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ruled that petitioner was qualified to run in her home province, as she was no longer bound by the domicile of her deceased husband, and had, thus, reverted back to her original domicile. [Justice Flerida Ruth Romero, in a separate opinion, took exception to the rationale of the decision and argued that the petitioner may be said to have established her domicile, not because she automatically reverted back to the same upon the death of her husband, but because she exercised her choice to establish Leyte as her domicile.] Facts: Petitioner Imelda Romualdez-Marcos filed her Certificate of Candidacy for the position of Representative of the First District of Leyte with the Provincial Election Supervisor, supplying the following information in response to item no. 8: RESIDENCE IN THE CONSTITUENCY WHERE I SEEK TO BE ELECTED IMMEDIATELY PRECEDING THE ELECTION: ___ Years and Seven Months The incumbent Representative of the First District of Leyte, Cirilo Roy Montejo, who was then seeking reelection, filed a Petition for Cancellation and Disqualification with the Commission on Elections (COMELEC), alleging that petitioner did not meet the constitutional requirement for residency. On 29 March 1995, petitioner filed an Amended/Corrected Certificate of Candidacy, changing the entry seven months to since childhood (in item no. 8 of the amended certificate). Petitioner explained that the entry of the word seven in her original Certificate of Candidacy was the result of an honest misinterpretation which she sought to rectify by adding the words since childhood in her Amended Corrected Certificate of Candidacy, since she has always maintained Tacloban City as her domicile or residence. On 24 April 1995, the COMELEC came up with a Resolution: (1) finding private respondent s Petition for Disqualification meritorious; (2) striking out petitioner s Corrected/Amended Certificate of Candidacy; and (3) canceling her original Certificate of Candidacy. According to the COMELEC, the petitioner s conduct revealed her lack of intention to make Tacloban her domicile: she registered as a voter in different places and, on several occasions, declared that she was a resident of Manila. Although she spent her school days in Tacloban, she is considered to have abandoned such place when she chose to stay and reside in different places. Held: The Supreme Court ruled that petitioner was a resident of the First District of Leyte, and therefore, she possessed the necessary residence qualifications to run for a seat in the House of Representatives in the said district and province. According to the Court, the deliberations of the members (of the 1987 Constitutional Commission) on the residence qualification for certain elective positions have placed beyond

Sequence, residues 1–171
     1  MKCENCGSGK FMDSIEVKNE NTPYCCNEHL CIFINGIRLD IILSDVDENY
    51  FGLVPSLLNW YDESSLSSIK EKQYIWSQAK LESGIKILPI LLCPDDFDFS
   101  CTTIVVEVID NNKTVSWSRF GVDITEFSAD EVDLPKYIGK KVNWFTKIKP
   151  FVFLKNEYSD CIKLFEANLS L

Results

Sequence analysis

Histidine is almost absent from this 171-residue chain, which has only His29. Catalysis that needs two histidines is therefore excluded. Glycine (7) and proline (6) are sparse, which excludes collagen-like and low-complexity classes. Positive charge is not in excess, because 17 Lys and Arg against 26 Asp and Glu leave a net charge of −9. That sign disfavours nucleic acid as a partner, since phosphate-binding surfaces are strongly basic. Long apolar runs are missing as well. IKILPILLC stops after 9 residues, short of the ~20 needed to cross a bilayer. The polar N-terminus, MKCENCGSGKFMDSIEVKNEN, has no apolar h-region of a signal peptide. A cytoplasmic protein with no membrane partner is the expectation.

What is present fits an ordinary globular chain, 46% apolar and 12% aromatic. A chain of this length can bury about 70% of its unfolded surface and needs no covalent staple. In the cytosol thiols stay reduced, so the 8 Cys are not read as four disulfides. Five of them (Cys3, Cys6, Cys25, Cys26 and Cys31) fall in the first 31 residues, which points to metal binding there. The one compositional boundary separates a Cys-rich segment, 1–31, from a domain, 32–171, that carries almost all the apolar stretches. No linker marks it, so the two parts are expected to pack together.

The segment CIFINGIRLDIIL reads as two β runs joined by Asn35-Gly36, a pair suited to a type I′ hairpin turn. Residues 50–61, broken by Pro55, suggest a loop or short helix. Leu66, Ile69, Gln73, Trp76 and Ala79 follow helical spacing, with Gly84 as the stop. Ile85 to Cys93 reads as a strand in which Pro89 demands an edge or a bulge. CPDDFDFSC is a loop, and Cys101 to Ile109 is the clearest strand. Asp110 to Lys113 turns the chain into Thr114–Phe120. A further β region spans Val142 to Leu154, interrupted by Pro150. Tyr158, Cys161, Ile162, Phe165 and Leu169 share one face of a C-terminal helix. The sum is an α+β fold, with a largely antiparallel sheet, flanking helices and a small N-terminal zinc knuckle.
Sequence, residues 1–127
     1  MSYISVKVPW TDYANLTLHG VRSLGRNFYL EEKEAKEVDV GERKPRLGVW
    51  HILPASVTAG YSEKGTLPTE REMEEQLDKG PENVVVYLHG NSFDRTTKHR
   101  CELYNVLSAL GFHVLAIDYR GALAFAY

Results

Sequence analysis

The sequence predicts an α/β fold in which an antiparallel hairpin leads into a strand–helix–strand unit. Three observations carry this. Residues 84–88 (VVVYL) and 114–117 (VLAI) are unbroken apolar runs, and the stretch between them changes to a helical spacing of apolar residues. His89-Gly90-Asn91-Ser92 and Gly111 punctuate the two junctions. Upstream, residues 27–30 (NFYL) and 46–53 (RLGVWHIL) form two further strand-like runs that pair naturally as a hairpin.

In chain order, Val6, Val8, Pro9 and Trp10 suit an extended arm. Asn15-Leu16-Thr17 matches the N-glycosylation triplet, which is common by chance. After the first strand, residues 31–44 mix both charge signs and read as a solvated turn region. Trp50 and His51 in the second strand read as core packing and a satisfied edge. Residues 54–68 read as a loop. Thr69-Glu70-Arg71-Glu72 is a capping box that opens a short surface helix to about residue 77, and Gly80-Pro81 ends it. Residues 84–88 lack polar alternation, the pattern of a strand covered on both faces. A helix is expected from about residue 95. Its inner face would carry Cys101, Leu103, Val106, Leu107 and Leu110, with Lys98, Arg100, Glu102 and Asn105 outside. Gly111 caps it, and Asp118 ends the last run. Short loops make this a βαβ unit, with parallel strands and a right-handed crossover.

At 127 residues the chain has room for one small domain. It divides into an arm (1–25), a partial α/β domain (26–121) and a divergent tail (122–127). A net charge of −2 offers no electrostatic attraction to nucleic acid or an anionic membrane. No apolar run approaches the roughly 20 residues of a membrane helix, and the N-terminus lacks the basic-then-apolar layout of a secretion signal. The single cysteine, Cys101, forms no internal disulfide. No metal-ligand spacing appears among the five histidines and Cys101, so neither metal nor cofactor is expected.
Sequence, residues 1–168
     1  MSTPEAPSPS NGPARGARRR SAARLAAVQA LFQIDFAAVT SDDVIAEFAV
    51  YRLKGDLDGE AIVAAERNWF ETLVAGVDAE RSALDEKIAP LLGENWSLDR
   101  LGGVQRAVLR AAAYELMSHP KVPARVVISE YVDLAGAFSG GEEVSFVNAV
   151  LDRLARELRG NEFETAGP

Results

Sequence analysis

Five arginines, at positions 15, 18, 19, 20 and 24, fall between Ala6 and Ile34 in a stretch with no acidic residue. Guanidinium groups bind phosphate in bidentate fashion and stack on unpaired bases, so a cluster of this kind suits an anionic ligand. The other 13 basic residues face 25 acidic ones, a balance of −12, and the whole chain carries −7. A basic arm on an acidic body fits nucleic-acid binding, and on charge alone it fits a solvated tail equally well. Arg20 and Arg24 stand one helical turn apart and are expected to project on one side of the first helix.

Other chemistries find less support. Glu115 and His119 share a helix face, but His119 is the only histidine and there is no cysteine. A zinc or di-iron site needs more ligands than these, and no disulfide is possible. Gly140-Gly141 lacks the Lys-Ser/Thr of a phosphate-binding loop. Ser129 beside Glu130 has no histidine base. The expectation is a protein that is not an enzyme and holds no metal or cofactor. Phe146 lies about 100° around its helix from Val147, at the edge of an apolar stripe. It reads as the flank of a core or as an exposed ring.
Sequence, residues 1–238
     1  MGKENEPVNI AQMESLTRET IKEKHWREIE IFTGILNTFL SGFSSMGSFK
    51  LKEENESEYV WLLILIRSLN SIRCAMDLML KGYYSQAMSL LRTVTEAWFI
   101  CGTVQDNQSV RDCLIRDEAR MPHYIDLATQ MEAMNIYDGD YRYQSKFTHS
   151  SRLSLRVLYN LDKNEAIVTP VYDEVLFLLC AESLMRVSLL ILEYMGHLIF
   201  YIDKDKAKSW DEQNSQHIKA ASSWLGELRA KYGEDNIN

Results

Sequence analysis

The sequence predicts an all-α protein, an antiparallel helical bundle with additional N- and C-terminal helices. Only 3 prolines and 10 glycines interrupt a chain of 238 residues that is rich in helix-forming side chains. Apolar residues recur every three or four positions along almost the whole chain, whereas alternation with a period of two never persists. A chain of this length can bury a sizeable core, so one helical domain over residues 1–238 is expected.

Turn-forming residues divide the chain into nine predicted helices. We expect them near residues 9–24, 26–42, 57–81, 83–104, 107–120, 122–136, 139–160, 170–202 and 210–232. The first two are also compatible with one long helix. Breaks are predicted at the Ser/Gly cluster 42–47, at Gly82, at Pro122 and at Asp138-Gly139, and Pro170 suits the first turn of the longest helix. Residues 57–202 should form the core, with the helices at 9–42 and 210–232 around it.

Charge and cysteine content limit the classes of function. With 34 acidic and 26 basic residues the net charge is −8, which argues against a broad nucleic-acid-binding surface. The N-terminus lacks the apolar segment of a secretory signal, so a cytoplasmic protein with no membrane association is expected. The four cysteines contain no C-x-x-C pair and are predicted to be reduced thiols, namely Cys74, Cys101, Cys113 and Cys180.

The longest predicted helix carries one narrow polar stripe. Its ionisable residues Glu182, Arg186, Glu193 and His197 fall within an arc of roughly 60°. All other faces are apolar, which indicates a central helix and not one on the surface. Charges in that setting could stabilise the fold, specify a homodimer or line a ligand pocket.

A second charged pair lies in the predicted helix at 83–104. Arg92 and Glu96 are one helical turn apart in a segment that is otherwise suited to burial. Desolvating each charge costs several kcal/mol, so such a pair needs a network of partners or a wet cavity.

Neither does she automatically revert to her domicile of origin. The Supreme Court stressed that it cannot be correctly argued that petitioner lost her domicile of origin by operation of law as a result of her marriage in 1952 to the late President Ferdinand E. at that time. petitioner was obliged by virtue of Article 110 of the Civil Code to follow her husband s actual place of residence fixed by him. petitioner amply demonstrated by overt acts.doubt the principle that. Rizal and Batac. Justice Flerida Ruth Romero It is bad enough to interpret the law as empowering the husband to unilaterally fix the residence or domicile of the family. At the other extreme is the position that the widow automatically reverts to her domicile of origin upon the demise of her husband. in this case. but to continue giving obeisance to his wishes. When and while petitioner was married to then Congressman Marcos in 1954. In returning to Tacloban and subsequently. what petitioner gained upon marriage was actual residence. cannot be inferred from the use of the term residence in Article 110 of the Civil Code because the Civil Code is one area where the two concepts are well-delineated. can no longer be bound by the domicile of the departed husband. her election of a domicile of choice. by operation of law. as laid down in the Civil Code. like the petitioner and others similarly situated. Marcos had fixed any of these places as the conjugal residence. The presumption that the wife automatically gains the husband s domicile. upon marriage. But assuming that Mr. it actually means only domicile. for there is a clearly established distinction between the Civil Code concepts of domicile and residence. if at all she was before. There is no showing as to which of these places Mr. * Separate Opinion. The problem here is that. or chooses a new one during the subsistence of the marriage. a reversion to her domicile of 2 . it would be highly illogical to assume that she cannot regain her original domicile upon the death of her husband. She did not lose her domicile of origin. among which were: San Juan. Moreover. Does the law so abhor a vacuum that the widow has to be endowed somehow with a domicile? I submit that a widow. both of which are located in the First District of Leyte. but exercising free will. even after the rationale underlying the mutual duty of the spouses to live together has ceased. when the Constitution speaks of residence in election law. is to close one s eyes to the stark realities of the present. proceeding from the discussions pointing out specific situations where the female spouse either reverts to her domicile of origin. Mr. Marcos. Tolosa. Marcos fixed as his family s residence. Ilocos Norte. absent a positive act of selecting a new one in situations during the subsistence of the marriage itself. she may opt to reestablish her domicile of origin. where the wife gains a domicile different from her husband s. Marcos had several places of residence. to Barangay Olot.